I’ll keep this somewhat brief.
I had the privilege of attending The Millrose Games at the Armory this past weekend and was treated to the single greatest display of athletic competition I’ve ever seen with my own eyes. I could gush about almost any event, but surely that record smashing 5000m and the fantastic Wanamaker Miles (men & women) will stick with me for a while.
It's hard to describe the feeling you get when you’re screaming at the top of your lungs but you can barely hear yourself—standing within a few meters of a truly historic 5k final and looking around to see a stadium on its feet howling in anticipation of the finishing kick. Truly, I was in awe to be present at such a solid turn of the corner in American distance running.
Many had wondered if the armory would be able to match the magic of Madison Square Garden. I had only viewed those races on TV, so it’s not my place to compare and contrast the two. But surely if some history was lost, a new tradition started off with its fair share of historical significance. Still, I can understand why some people are sore about it.
However, I can’t understand how the USATF is so unprofessional about it.
It was brought to my attention that the USATF homepage had no coverage of the numerous American Records broken at the Armory. Looking further into their website, I found in Section II, Article 3 of the USATF bylaws a rather fitting passage:
2. Management: Promoting Athletics and athletes by conducting competitions and other events, and cooperating with and encouraging other organizations that may do so.
The national governing body of Track & Field had failed to retain affiliation with one of Track’s finest events…and after working so hard to save the games and keep them at the Garden, they’re not without their case for some sympathy; But not acknowledging American Records is a low blow.
Here’s a little wake up call. It is those athletes that you are disregarding and disrespecting that are making a difference in our sport today. They are the ones advancing our national presence and popularity through their hard work and outreach. You may think yourselves clever for not mentioning anything of their achievements while showering praise over your own events, but you do so at the sport’s expense. You should be excited about all of the amazing performances from the weekend, and further you should be sharing their story instead of holding some petty grudge.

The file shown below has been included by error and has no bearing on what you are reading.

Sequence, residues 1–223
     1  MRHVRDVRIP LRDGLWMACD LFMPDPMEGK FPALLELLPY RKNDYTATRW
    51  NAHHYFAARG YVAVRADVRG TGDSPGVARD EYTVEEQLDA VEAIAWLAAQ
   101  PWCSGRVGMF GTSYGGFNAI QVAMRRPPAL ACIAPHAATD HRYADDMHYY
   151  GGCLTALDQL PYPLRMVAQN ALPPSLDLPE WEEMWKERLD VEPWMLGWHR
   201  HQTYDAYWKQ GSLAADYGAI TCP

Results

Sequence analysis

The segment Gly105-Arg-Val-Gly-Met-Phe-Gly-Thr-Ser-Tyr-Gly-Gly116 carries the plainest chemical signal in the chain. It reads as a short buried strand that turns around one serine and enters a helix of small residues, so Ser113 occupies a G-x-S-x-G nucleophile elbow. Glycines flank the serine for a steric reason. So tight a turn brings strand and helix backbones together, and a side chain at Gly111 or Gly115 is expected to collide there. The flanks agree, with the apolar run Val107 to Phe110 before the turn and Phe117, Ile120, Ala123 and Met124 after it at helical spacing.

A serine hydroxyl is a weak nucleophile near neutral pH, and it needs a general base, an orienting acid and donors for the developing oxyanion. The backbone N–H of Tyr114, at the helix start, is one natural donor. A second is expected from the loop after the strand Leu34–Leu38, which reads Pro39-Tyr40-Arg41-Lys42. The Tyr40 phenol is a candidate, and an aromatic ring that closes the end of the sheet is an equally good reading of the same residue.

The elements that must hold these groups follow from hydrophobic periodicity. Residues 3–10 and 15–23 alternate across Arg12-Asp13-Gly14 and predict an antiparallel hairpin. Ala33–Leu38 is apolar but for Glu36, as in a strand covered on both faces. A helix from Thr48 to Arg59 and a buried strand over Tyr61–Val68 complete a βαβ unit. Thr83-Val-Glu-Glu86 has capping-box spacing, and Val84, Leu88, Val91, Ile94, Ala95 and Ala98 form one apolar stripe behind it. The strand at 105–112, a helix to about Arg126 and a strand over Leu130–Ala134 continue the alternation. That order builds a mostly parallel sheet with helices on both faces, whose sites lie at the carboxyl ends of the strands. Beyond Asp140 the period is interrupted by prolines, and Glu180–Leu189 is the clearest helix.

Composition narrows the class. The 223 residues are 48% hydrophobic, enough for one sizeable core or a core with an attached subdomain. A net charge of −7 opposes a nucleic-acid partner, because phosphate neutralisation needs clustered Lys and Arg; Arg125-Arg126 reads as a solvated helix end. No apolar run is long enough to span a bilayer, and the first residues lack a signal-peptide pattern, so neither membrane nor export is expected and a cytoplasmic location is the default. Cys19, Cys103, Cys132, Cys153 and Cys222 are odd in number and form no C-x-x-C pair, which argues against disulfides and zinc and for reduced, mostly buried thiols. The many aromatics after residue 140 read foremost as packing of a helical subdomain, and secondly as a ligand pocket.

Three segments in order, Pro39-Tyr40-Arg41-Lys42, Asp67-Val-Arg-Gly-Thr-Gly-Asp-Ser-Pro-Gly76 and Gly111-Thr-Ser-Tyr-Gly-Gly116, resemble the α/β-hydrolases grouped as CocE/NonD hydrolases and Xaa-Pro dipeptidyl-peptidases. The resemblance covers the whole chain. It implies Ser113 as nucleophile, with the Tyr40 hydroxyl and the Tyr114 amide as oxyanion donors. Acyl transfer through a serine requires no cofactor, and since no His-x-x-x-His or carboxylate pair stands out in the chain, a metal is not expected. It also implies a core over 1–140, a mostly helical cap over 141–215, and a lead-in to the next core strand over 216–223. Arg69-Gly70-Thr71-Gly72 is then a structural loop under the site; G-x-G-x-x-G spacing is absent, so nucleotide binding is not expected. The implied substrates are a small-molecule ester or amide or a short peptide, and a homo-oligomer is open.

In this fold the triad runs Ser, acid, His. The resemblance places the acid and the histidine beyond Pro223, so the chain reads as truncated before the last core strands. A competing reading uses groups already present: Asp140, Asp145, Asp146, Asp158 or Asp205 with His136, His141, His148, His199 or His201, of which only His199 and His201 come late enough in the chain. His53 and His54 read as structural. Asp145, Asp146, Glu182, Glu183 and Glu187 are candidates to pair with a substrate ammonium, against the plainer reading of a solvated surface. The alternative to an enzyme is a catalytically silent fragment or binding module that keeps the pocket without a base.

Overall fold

[Sidenote: No disrespect to Galen’s incredible performance (new Flotrack interview with Galen here) as well as the other athletes at the USATF classic]. I’d love to see a poll of which record breaking race fans would have liked to attend: Galen’s solo 2 mile record, or Lagat and company’s 5k? As fantastic of a step forward the 2 mile American Record is, pure exhibition is simply doing nothing for our status and popularity as a sport. And what a surprise, better competition at Millrose equals better results across the board…hmmm interesting. Granted, athletes deserve the freedom to approach the season as they see fit (especially during an Olympic year), but at the same time they must understand that our sport needs them to just get out and race eachother every now and then.
I saw just how special our sport can be this weekend, and if we want that kind of excitement to continue we must work with eachother and not within our own interests.
Ryan Craven is not the only one to voice their opinion about this matter, check out what Jesse Squire (a.k.a. TrackSuperFan) had to say on his blog.